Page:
Less than two years after the YEP spearheaded its A Million for Maggie’s campaign in April 2016 – aimed at raising cash towards the £5m target needed to build the charity’s facility at St James’s Hospital – a turf-cutting ceremony took place yesterday to mark the start of its creation.
Martin Jenkins, chairman of the Maggie’s Yorkshire campaign board, and Linda Pollard, chairwoman of Leeds Teaching Hospitals NHS Trust, were among those who made speeches at the event in and outside the Bexley Wing.
Maggie’s support centres offer those who have been diagnosed with cancer and their families a non-clinical environment to relax and socialise in during periods of treatment.
More than £5m has been raised and donated towards the charity’s 23rd facility, which will be close to the hospital’s oncology unit, since plans were revealed some years ago.
Mr Jenkins said: “It’s a very big moment.
“I had a lump in my throat as I rode by the hoardings this morning because it all now is very, very real.
“I’m delighted that we’ve got so many people coming here today from all aspects of our campaign, who have all made invaluable contributions.
“We are a very significant step further to changing the lives of people in Yorkshire who are dealing with cancer.”
He added: “We think it will support visitors of more than 25,000 people every year.
“That’s the scale of impact that we believe the new centre will have.
“When you combine the incredible care and support that Maggie’s will offer to people with the world-class clinical expertise here in Leeds at St James’s, I think we have something that is truly transformational.”
Heatherwick Studio, the architects behind the 2012 Olympic cauldron, designed the centre with the brief of creating “a home people would not ever dare build themselves”.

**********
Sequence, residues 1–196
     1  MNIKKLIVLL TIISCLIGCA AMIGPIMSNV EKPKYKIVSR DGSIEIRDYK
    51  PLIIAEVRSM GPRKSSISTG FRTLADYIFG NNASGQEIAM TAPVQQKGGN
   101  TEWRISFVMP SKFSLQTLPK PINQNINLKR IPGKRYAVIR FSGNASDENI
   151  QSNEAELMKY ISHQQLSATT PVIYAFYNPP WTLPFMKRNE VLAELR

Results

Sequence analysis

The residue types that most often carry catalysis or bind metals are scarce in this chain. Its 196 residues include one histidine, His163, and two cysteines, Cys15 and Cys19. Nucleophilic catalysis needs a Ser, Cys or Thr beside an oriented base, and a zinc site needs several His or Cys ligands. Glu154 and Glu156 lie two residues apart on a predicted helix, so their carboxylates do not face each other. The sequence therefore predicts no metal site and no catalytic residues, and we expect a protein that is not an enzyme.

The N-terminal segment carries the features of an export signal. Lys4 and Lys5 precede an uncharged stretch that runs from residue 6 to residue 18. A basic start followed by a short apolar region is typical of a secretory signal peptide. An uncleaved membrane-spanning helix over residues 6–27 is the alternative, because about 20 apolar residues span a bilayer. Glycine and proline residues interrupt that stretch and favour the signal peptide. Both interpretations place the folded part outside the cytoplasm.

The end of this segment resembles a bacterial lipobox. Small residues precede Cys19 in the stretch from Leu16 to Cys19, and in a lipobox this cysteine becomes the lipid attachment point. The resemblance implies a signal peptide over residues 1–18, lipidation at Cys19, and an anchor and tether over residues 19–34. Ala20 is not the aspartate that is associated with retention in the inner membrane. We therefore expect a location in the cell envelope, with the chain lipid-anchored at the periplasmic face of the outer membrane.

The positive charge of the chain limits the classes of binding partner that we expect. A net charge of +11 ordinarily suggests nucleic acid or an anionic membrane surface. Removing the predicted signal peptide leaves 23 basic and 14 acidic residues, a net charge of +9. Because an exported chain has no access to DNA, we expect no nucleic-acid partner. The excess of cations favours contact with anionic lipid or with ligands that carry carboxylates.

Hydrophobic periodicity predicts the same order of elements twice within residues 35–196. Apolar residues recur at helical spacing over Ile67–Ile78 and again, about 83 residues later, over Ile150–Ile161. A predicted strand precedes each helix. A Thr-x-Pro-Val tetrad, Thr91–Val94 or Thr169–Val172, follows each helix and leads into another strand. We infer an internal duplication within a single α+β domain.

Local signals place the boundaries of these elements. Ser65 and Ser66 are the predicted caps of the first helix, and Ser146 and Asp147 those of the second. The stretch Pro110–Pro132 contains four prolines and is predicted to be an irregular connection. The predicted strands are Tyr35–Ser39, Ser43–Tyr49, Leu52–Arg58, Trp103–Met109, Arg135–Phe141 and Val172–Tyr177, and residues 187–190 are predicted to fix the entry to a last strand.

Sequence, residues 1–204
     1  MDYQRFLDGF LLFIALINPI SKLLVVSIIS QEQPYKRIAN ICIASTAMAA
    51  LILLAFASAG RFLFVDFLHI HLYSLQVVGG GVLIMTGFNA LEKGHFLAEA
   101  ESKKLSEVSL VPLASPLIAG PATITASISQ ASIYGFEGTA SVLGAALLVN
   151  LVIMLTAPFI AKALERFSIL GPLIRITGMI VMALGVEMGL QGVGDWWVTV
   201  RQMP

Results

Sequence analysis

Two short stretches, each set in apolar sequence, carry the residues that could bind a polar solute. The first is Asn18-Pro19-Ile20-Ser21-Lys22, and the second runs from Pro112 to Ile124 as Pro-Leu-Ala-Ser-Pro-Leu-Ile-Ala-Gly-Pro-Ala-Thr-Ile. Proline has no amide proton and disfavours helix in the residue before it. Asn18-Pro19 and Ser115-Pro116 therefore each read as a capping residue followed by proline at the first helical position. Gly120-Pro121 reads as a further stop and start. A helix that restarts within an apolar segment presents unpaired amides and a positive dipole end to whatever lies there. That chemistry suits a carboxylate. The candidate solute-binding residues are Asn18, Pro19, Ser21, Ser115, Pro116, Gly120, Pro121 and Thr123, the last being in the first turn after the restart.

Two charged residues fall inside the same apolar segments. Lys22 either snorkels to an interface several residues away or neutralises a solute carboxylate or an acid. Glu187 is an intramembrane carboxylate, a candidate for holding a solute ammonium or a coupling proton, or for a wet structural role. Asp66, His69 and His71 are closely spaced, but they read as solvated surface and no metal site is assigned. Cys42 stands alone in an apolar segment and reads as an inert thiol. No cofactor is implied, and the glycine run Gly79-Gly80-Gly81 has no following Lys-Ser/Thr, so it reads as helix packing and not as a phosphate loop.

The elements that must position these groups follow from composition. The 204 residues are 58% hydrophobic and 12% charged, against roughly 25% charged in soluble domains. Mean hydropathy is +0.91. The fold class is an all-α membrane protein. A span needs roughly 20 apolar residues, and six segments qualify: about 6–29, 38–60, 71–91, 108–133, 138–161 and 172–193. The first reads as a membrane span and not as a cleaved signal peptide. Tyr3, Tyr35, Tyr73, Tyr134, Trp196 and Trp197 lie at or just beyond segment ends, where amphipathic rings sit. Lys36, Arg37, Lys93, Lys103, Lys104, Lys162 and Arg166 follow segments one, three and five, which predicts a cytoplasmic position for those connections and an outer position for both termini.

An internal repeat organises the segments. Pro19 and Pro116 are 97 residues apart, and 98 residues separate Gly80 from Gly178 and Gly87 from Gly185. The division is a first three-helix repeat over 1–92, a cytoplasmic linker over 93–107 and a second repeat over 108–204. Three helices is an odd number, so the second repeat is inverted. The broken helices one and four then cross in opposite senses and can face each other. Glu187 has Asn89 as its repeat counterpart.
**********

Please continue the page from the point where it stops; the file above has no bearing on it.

And Leeds-based construction company Sir Robert McAlpine Ltd has been drafted in to build it following multi-million-pound fundraising efforts and substantial donations from the likes of the Liz and Terry Bramall Foundation.
It is due to take a little more than a year to construct the centre, which will include counselling rooms, a garden, a quiet seating area and kitchen for around 110 people to visit each day.
Around 30,000 people each year in Yorkshire and the Humber are diagnosed with cancer.
Aut during the ceremony Linda Pollard said the emotional aspect of dealing with cancer treatment is just as hard as the physical impact.
This was echoed by Leeds-born Harriet Dow, a married 40-year-old mother-of-one who has incurable breast cancer and has been diagnosed with cancer three times since 2001.
“During everything we’ve been through there are so many times where we would have loved to have walked into a Maggie’s centre, flopped down on a chair and been surrounded by people who get it,” she said.
She added: “Maggie’s will be there to scoop us up when we need to be scooped up. I can’t wait to walk in on the first day.”
David Firth from Sir Robert McAlpine helped officiate the turf-cutting, Dr Terry Bramall CBE discussed the joy of contributing towards the project and Rebeca Ramos, of Heatherwick Studio, explained what the centre will look like and how ideas for it developed. Enough money has been raised to start work, but a total of £6m is needed to complete the project outside the Bexley Wing.